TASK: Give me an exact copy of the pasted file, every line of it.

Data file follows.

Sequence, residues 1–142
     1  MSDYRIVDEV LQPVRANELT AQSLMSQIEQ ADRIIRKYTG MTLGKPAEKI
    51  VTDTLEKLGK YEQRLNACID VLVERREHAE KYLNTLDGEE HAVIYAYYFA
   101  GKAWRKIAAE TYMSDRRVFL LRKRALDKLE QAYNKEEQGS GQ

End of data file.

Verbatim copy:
Sequence, residues 1–142
     1  MSDYRIVDEV LQPVRANELT AQSLMSQIEQ ADRIIRKYTG MTLGKPAEKI
    51  VTDTLEKLGK YEQRLNACID VLVERREHAE KYLNTLDGEE HAVIYAYYFA
   101  GKAWRKIAAE TYMSDRRVFL LRKRALDKLE QAYNKEEQGS GQ